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A Love Supreme: Real-Life Stories of Black Love.

A Love Supreme: Real-Life Stories of Black Love

by TaRessa and Calvin Stovall Warner Books, February 2000, $23.95, ISBN 0-446-52171-X

Husband and wife authors TaRessa and Calvin Stovall had a clearly stated mission: to strike a blow against the overwhelmingly influential wave of negative imagery that washes over black people on a daily basis, telling us our love can't work. Like Pavlov's dog, we have become programmed to believe it, to internalize it, to suspect that when love does come sniffing around us, we better shoo it away in a hurry because we know black men and women can't co-exist in a loving relationship.

What Love Supreme does most effectively is demonstrate that love can sprout in the unlikeliest of circumstances--in a homeless shelter, in a drug treatment program, or a doctor's office--and that any thriving love relationship has to find some way to survive conflict if it's to have any staying power. As each of the book's 20 elegantly written stories of love demonstrate, the conflict will certainly come. The beauty of the book is the hope these stories offer and the proof that black love can survive most any hardship.

Though the love stories of celebrities may initially draw readers to the book, it would be a mistake to pass over the tales of how some not-so-famous couples managed to keep their relationships afloat under conditions that would chase away even of the most die-hard romantics. In Love Supreme, we discover a couple who found each other after almost being killed by ex-spouses, a couple who brought two broods of kids together and found a way for them to peacefully co-exist, a couple who weathered lengthy separations divided by major oceans and disparate cultures, a couple who live apart for the majority of the week, and a couple who live apart in the same house.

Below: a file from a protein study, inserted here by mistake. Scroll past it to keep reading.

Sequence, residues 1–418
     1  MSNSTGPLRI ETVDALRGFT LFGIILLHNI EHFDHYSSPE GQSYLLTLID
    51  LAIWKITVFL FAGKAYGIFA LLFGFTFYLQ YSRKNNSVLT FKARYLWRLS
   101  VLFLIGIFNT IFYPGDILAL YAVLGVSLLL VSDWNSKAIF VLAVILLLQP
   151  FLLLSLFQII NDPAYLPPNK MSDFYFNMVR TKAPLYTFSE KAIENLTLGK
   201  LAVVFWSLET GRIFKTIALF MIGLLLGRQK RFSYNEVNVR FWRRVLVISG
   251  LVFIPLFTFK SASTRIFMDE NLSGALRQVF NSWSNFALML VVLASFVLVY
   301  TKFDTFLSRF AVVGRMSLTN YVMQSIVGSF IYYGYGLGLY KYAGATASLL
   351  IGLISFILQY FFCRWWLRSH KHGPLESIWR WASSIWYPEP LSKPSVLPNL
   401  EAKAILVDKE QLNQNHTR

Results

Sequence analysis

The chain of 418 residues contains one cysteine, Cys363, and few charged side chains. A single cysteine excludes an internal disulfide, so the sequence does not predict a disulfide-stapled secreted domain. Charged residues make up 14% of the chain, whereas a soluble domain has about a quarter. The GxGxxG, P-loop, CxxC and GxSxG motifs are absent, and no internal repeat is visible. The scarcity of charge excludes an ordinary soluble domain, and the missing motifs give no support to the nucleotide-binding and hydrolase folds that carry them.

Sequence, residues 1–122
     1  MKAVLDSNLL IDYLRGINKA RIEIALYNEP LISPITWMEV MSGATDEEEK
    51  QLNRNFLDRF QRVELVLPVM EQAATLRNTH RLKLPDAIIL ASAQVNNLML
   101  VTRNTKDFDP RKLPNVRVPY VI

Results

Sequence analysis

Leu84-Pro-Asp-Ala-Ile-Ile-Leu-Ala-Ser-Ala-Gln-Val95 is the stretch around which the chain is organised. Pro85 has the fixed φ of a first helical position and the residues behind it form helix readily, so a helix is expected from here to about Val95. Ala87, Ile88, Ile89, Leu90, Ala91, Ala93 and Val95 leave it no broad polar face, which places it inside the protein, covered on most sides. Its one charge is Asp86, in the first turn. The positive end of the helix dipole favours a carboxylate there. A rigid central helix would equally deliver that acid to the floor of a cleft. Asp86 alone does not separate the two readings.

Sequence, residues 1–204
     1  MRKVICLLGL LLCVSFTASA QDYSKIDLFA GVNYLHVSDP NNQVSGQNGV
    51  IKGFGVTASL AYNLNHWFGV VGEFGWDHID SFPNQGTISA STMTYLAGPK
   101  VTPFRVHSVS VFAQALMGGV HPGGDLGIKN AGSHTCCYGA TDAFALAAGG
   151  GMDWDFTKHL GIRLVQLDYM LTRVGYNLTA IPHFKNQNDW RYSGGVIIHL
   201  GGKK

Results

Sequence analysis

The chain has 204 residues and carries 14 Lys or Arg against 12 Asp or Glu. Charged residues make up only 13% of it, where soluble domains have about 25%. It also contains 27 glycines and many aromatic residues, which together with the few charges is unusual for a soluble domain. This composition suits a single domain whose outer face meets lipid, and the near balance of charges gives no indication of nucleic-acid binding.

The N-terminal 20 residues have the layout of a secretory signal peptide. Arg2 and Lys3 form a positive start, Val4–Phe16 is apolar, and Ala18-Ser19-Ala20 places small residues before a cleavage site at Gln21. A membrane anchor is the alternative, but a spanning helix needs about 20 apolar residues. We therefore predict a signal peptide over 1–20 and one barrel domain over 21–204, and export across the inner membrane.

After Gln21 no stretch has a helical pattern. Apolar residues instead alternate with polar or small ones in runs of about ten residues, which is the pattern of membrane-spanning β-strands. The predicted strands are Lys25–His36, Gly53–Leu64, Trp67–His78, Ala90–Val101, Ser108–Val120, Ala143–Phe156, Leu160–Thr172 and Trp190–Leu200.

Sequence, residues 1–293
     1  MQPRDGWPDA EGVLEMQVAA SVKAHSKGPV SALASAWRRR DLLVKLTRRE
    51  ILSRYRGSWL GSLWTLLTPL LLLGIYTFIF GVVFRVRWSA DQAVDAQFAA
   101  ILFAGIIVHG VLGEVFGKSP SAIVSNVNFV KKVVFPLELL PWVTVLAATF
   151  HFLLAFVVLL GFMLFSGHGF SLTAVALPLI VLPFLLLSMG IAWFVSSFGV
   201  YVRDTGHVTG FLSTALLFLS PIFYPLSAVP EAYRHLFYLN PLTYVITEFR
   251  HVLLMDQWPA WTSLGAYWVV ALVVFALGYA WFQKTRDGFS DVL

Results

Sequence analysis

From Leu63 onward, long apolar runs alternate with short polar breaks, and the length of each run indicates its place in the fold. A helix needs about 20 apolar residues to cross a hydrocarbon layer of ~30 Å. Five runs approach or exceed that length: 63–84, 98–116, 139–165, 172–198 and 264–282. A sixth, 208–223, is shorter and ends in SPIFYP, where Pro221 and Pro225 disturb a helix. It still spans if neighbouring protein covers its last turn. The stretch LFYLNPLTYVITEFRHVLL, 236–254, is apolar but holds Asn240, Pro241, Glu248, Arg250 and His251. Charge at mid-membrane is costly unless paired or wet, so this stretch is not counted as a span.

The affecting sagas range from the unorthodox open-mindedness of writers Pearl Cleage and Zaron W. Brunett, Jr., who overcame Cleage's suspicions of monogamy to craft a love relationship that has them spending plenty of quality time together running a community theater yet gives them both ample space apart, to the more rigid and traditional pairing of boxing champion Charles Brewer and wife Sophia, who still struggle with communicating and overcoming Sophia's bossiness.

For anyone trying to keep the love strong in their own households, or who may have begun to doubt whether brothers and sisters can overcome the centuries of baggage and pain we carry around in our damaged hearts and soul, Love Supreme offers a series of affirmations that black love is indeed alive and well. Contributing to that well of faith, and lending strength to the notion that our relationships are as sweet, strong, romantic, and valuable as any others, may be the Stovalls' greatest gift.

Nick Chiles and Denene Millner are the husband-and-wife authors of What Brothers Think, What Sistahs Know: The Real Deal on Love and Relationships (William Morrow), and the recently released What Brothers Think, What Sistahs Know About Sex.
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Title Annotation:Review
Author:Chiles, Nick
Publication:Black Issues Book Review
Article Type:Book Review
Date:Jul 1, 2000
Words:503
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